04 November 2010

150 (109-111)

109.  "God, since I've gone to this effort to praise you, you can't be silent."  This is like a lot of relationships, isn't it?  The give and take?  The recognition that if someone is going to be saying nice things about you, you should really be making the effort to say nice things about them, right?  I mean, without it, we're stuck feeling ignored and trod upon, abused and neglected.  Feeling abused and neglected is one major reason why relationships fail and in religious communities, that set of feelings stands at the core of many people's ambivalent relationship with God (whether they "believe" or not) and their fellow Jews.  It doesn't feel good to say but it's true:  you can't deal with leadership in Jewish life unless you're prepared to deal with abuse and neglect and the role they play in the formation (or lack thereof) of faith.

We humans experience--as the psalmist delineates quite clearly--evil, deceit, lies, hatred, fighting with no cause.  "But I am all prayer!"  So he writes:  Prayer is all I got!  It's a confession of weakness in the face of an overwhelming assault but poetically and literarily it is an ordering of a thought process that allows one to construct meaning, faith communities' greatest asset.

There occurs a turn in this psalm that I understand and find morally repugnant at the same time.  Damnit.  He emerges from his realization of weakness by praying fervently for the utter and total destruction of all those enemies around him, which satisfies but leaves one feeling ruined as well.  One can hear the deafening critique:  See?  Religion is all about abuse and neglect.  It's painful.  And fortunately not true.  Tradition's evolutionary reality, made clear to me by reading Rabbi Leo Baeck, is discernible in the ways that the Sages inherited the Biblical texts, like precious jewels. and polished them into words of value for their own time, garnering new insights to the word-forms as they arose from the page.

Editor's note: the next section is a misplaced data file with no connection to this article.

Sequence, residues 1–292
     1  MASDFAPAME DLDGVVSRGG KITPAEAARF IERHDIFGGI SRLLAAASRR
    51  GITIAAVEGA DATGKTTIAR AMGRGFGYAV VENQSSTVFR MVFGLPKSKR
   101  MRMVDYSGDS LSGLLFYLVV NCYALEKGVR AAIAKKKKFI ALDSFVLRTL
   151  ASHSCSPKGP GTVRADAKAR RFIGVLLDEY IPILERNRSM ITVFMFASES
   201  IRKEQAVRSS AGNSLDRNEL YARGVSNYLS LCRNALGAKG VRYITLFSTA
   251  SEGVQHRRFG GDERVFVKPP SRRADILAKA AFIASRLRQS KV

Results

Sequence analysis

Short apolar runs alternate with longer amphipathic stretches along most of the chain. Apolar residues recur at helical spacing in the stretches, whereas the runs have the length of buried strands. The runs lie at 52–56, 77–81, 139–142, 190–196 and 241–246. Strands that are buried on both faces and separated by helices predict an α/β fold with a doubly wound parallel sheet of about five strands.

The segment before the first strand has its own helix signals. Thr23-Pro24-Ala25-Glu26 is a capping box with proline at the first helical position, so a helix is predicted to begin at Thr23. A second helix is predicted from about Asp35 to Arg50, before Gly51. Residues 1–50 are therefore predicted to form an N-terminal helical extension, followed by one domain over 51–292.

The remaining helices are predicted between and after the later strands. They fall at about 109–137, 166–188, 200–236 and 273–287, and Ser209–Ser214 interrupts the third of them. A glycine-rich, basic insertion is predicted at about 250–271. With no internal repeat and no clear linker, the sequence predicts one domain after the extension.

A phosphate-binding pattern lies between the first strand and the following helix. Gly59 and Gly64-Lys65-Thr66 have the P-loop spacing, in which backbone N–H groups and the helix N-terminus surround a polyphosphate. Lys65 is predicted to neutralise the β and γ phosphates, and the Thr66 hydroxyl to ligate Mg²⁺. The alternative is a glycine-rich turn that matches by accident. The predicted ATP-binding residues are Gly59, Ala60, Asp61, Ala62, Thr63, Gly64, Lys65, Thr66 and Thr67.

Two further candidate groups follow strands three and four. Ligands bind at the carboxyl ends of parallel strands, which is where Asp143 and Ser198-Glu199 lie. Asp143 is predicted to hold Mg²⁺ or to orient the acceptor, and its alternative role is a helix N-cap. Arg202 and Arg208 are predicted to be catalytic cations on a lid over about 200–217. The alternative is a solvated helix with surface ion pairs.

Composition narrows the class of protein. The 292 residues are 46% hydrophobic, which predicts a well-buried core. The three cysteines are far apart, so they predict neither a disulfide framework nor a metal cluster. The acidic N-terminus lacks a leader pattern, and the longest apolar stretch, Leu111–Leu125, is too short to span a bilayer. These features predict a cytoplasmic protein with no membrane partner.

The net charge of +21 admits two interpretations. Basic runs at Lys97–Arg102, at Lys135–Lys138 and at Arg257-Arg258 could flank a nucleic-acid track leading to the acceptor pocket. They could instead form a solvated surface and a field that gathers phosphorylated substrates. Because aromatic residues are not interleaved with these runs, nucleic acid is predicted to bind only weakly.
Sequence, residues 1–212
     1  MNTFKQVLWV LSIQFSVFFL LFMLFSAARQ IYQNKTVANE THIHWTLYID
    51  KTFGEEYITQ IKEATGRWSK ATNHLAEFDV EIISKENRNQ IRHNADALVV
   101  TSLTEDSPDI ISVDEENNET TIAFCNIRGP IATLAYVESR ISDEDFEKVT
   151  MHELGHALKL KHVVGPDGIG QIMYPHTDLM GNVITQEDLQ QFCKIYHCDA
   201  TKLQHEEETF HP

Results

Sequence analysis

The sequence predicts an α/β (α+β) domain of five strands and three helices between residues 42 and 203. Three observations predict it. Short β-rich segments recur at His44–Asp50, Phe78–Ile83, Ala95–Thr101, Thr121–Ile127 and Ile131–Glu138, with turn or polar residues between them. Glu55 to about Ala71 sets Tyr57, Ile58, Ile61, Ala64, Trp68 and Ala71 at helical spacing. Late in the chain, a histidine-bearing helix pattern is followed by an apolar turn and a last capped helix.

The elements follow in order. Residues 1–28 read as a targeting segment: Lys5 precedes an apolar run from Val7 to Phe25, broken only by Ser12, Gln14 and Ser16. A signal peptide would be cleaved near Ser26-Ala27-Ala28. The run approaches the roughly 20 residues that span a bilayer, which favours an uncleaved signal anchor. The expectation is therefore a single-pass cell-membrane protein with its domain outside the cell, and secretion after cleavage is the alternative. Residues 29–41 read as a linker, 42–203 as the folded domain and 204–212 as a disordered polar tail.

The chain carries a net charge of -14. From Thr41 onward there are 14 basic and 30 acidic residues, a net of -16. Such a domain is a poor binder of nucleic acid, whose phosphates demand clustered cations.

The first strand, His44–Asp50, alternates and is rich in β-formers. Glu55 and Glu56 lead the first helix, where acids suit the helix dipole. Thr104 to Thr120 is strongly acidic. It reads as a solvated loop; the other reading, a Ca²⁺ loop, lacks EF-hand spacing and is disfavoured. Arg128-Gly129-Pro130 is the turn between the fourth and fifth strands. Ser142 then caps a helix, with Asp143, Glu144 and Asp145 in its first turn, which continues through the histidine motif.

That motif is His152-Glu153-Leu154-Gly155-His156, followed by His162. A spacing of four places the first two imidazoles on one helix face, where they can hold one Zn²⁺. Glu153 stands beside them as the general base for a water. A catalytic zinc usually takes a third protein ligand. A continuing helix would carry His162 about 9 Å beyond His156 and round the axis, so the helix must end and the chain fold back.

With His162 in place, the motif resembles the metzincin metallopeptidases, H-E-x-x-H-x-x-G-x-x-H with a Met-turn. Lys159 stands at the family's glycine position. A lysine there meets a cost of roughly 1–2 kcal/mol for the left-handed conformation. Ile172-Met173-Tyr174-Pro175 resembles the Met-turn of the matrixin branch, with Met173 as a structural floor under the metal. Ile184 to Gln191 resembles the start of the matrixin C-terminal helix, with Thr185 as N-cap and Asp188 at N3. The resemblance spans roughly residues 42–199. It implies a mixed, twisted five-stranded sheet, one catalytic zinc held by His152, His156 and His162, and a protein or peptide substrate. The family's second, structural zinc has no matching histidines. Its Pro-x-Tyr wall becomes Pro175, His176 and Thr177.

The response to abuse and neglect is repentance, our rabbis taught, an option not often enough considered when it's perhaps easier to simply lash out in revenge for, well, abuse and neglect.

110.  "Sit here at my right hand while I take care of business."  God as superhero.  Able to transform himself into an ever-regenerating Deity of life and redemption.  "The womb of dawn.  The dew of youth."  It's a compelling argument--the notion that spiritual insight can renew the flesh. 

And what of we?  His willing soldiers.  "He will drink of the brook in the way and therefore he will lift up the head."  When one rests from the battle, it's very important to know where to rest, and what to drink while you're resting.  A successful campaign depends upon it.

111.  A Glorification Acrostic.  You did not hear it here first.  But it's always good to be reminded that sometimes the psalmist likes to enjoy himself with his acumen for alphabetical beauty constructs, delighting eternally for God's heavenly insights.  That sort of thing. 

Onehundredeleven ends with this one, a concise doxology:  "The fear of the Eternal is the beginning of wisdom; a good insight to all who do so; God's praise endures forever."

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